It’s hard not to perceive a gendered dynamic in the popularity, for example, Marie Kondo and other home organizing systems. As women disproportionately shoulder multiple work, life, and family responsibilities, they are obviously more likely to seek “magic bullets” to help them manage an overwhelming set of obligations. Even the responsibility of “self-care” becomes an added obligation. You don’t just have to work and keep house and turn your semi-feral children into well-adjusted super-geniuses, you have to stay in shape and maintain your eyebrows and get eight solid hours of sleep every night. Spending time and/or money on self-organization tools isn’t so much an effort to solve this problem, for the very good reason that it’s not really solveable – there’s no amount of planning and organization that will give you enough time for everything – but an alibi against failure. Sure, sometimes your house was a mess and you missed out on that promotion and your kids went to a merely adequate school instead of a top-rated one – but there’s evidence that you tried, you did your best. There’s also an element of what Yannis Gabriel calls “cultural grandiosity”, or the drive to re-invent ordinary or modest experiences, objects, occupations, and achievements as cutting-edge high-level innovations. If you’re so great, why can’t you get yourself together? This very toxic bit of self-talk is a defense against admitting that this overload isn’t just a personal problem, it’s a societal one, and not one you can solve yourself through sheer willpower.
Like in our Instagram post, you can see in this Lacan’s mirror stage. You, an ordinary disorganized person, imagine an idealized, perfectly organized and tidy self. This split between how you think you think you should act and how you actually do act, the disconnect between the image of the self as a perfectly rational actor making rational decisions, and the actual self with its messy, irrational drives, desires, and defences, whether conscious or unconscious, creates an alienating internal “scold” – a part of the self that berates you for not cleaning your room or prepping 30 days of meals in your freezer or upgrading your credentials in search of a bigger and better job.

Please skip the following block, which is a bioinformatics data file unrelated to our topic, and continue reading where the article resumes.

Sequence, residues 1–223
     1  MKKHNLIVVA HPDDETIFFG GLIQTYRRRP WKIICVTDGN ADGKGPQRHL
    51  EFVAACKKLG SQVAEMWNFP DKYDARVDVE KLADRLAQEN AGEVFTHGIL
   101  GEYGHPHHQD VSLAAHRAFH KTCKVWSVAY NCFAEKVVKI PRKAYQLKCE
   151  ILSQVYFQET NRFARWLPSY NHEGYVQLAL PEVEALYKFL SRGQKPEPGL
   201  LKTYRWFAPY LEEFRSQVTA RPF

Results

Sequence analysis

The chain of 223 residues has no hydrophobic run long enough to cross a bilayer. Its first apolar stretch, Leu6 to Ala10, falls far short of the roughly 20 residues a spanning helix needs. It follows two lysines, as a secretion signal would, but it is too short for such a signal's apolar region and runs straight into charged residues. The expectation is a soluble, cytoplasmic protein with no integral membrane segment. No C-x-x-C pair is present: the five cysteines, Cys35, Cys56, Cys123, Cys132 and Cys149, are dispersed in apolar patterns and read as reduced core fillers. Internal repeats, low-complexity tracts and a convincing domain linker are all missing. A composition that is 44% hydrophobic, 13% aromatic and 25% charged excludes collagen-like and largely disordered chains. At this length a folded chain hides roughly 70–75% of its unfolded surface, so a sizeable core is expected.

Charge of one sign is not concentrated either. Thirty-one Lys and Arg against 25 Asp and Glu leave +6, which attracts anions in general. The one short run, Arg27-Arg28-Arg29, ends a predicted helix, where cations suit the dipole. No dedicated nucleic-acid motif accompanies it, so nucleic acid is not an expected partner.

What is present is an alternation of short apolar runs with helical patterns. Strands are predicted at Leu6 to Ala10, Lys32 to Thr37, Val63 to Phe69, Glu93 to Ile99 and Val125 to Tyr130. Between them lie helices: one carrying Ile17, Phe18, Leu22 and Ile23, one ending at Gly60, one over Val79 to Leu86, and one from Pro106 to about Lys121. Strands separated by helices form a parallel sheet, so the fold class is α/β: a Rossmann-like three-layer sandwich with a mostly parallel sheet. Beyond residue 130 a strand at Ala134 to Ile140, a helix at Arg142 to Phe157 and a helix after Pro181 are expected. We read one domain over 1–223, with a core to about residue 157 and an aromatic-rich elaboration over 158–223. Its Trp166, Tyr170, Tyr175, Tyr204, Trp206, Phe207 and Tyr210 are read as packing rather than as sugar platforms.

This form of emotional alienation provokes self-harm; it is not only unpleasant, it is damaging to our ability to self-authorize to make choices about our lives. It puts us at a defensive position where we must live up to the standards of another (even if that other is ourself) instead of one where we choose to get takeout if we want, or to be merely OK at our jobs instead of constantly striving to be the best of the best of the best, or to allow our children to play with minimal supervision from time to time instead of being constantly entrained to improving activities. It produces an anxiety which interferes with our ability to think, to choose, to be.
As I said above, there are many good things in these methods. I’ve personally found that Kon Mari-ing your house makes it easier to keep clean and more pleasant to live in. Everyone could benefit from using a to-do list of some kind (if they don’t already), and of course project tracking is necessary for working teams. But perhaps the question shouldn’t be “how can I get all of this done?” but more “how do I want to live, and how do I get there?”
Capitalism is happy to sell you too much stuff with one hand and a home organization system to deal with it with the other. Maybe that’s the nature of the beast. The trick is, you don’t have to buy either.